The expanding transition in the U.S. away from large central-station power plants to an energy grid with many resources dispersed across it has led to a preponderance of new terms and technologies. Here we will examine and explain three of the most frequently heard terms: Microgrid vs DER vs Smart Grid.
Microgrid vs DER vs Smart Grid
- What is a microgrid?
- What is a DER?
- What is a Smart Grid?
What Is A Microgrid?
As covered previously, a microgrid is a localized, controllable energy system—generation and load—that is capable of being “islanded” from the electricity grid within a specifically defined area. In an era of increasing power outages and natural disasters—such as Hurricane Sandy in 2012, which drove massive interest in microgrids—these islanded systems are a growing area of focus for regulators, investors, and clean energy businesses. They are also becoming increasingly accessible to commercial and industrial asset owners, campus environments (corporate, school or university), hospitals, military and government facilities, and residential communities.
A microgrid is one type of DER but not all DER are microgrids.
What Is A DER?
A definition of DER has been developed by the North American Electric Reliability Corp. (NERC), the national entity responsible for reliability of the bulk electric system over the continental U.S., Canada and the northern portion of Baja California, Mexico. It is as follows: “A Distributed Energy Resource (DER) is any resource on the distribution system that produces electricity and is not otherwise included in the formal NERC definition of the Bulk Electric System.”
To understand the terms within this DER definition, the distribution system refers to the lower-voltage (under 33-kV) lines such as those carrying power from substations to end-users, as opposed to large, high-voltage transmission lines mounted on lattice tower structures that are familiar to any highway driver. The definition of the bulk electricity system (BES) has undergone much scrutiny due to jurisdictional issues, but according to NERC, BES refers to transmission elements operated at 100-kV or higher and real power and reactive power resources connected at 100-kV or higher. It does not include facilities used in the local distribution of electric energy.
DER includes any non-bulk electric system resource—generating unit, multiple generating units at a single location, energy storage facility, or microgrid—located solely within the boundary of any distribution utility, according to NERC. It also includes behind-the-meter generation such as solar photovoltaic, and energy storage facilities or multiple devices at a single location on either the utility or customer’s side of the meter, including electric-vehicle charging stations. The DER definition also includes “cogeneration”, which is production of electricity from steam, heat or other energy from a separate process at a resource site. Finally, emergency, stand-by, or back-up generation to meet emergency needs is considered a DER, such as the large diesel banks being installed in California at data centers to maintain supply during outages.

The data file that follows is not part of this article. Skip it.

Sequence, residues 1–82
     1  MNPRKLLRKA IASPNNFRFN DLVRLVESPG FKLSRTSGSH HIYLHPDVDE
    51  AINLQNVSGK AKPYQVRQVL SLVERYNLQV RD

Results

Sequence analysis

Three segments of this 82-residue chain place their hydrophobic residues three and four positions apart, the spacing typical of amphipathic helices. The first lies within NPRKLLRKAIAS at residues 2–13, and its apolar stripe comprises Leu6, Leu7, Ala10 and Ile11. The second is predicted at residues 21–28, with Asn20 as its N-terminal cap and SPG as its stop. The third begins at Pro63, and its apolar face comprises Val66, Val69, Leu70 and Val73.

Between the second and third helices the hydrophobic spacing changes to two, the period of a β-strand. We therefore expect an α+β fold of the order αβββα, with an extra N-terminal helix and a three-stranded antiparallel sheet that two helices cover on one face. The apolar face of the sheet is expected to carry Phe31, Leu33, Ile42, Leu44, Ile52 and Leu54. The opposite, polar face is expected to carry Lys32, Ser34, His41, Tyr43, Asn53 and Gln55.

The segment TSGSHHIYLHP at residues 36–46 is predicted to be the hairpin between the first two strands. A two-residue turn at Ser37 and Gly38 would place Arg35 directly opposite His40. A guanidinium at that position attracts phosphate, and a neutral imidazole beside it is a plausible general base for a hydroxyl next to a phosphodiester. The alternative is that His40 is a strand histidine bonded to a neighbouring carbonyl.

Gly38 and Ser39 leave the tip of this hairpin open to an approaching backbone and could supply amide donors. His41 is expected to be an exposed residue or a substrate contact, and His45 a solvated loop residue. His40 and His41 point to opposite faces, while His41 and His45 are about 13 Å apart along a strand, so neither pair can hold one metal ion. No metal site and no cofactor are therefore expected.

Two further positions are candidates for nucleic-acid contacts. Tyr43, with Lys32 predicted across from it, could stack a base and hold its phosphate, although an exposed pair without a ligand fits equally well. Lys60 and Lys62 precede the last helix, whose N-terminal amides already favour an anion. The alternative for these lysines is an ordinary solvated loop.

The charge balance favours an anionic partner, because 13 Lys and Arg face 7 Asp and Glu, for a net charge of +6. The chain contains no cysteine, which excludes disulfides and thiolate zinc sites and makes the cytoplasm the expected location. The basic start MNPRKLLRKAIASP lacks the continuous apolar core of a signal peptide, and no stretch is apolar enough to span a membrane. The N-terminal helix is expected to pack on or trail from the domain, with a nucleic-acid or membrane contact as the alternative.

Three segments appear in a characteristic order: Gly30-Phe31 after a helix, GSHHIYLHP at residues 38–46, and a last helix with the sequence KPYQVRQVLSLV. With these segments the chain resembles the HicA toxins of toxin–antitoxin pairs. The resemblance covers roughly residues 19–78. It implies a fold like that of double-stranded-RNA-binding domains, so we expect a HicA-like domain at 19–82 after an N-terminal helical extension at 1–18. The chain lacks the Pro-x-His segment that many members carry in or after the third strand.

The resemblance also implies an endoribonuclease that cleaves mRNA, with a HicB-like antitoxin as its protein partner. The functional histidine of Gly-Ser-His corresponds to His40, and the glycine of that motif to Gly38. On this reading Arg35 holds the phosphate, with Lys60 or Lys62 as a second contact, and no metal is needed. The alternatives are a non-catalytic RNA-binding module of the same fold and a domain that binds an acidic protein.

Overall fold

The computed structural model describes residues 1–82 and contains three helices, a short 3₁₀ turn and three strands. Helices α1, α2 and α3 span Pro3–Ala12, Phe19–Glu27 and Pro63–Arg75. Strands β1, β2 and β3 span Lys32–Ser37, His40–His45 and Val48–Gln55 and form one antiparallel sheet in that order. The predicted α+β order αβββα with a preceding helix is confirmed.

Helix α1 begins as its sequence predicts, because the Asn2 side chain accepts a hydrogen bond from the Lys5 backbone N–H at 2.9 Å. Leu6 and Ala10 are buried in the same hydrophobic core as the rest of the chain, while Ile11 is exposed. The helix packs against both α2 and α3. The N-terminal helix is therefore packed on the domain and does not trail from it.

While microgrids and DER refer to particular types of power generation systems utilizing many different types of resources, “smart grid” refers to the technologies through which the grid communicates.
What Is A Smart Grid?
According to the U.S. Department of Energy, smart grid uses two-way communication technologies, control systems and computer processing, usually employed to increase grid reliability. These would include advanced sensors that indicate stability of the grid, advanced meters increasingly being installed by distribution utilities, and batteries that can be charged and later used to meet energy demand. Other purposes are to report outages, relays that allow the grid to recover from substation faults automatically and automated feeder switches that re-route power around grid problems. The benefits associated with a smart grid can include; more efficient transmission of electricity; quicker and more effective responses to power disturbances, balancing and management of the grid, particularly during peak demand periods, the ability to integrate more renewable and DERs, and improved security. A smarter grid will enable an unprecedented level of consumer participation, increased reliability, reduced costs, and a safer environment.
A richer understanding of these three sometimes-overlapping terms should help foster a broader understanding of how these resources and technologies will correlate and complement one another as the grid moves into the future.
If you have more questions about the Microgrid vs DER vs Smart Grid discussion, contact VECKTA today!
Photo credits: (US Army Corps of Engineers) (Dmitry G)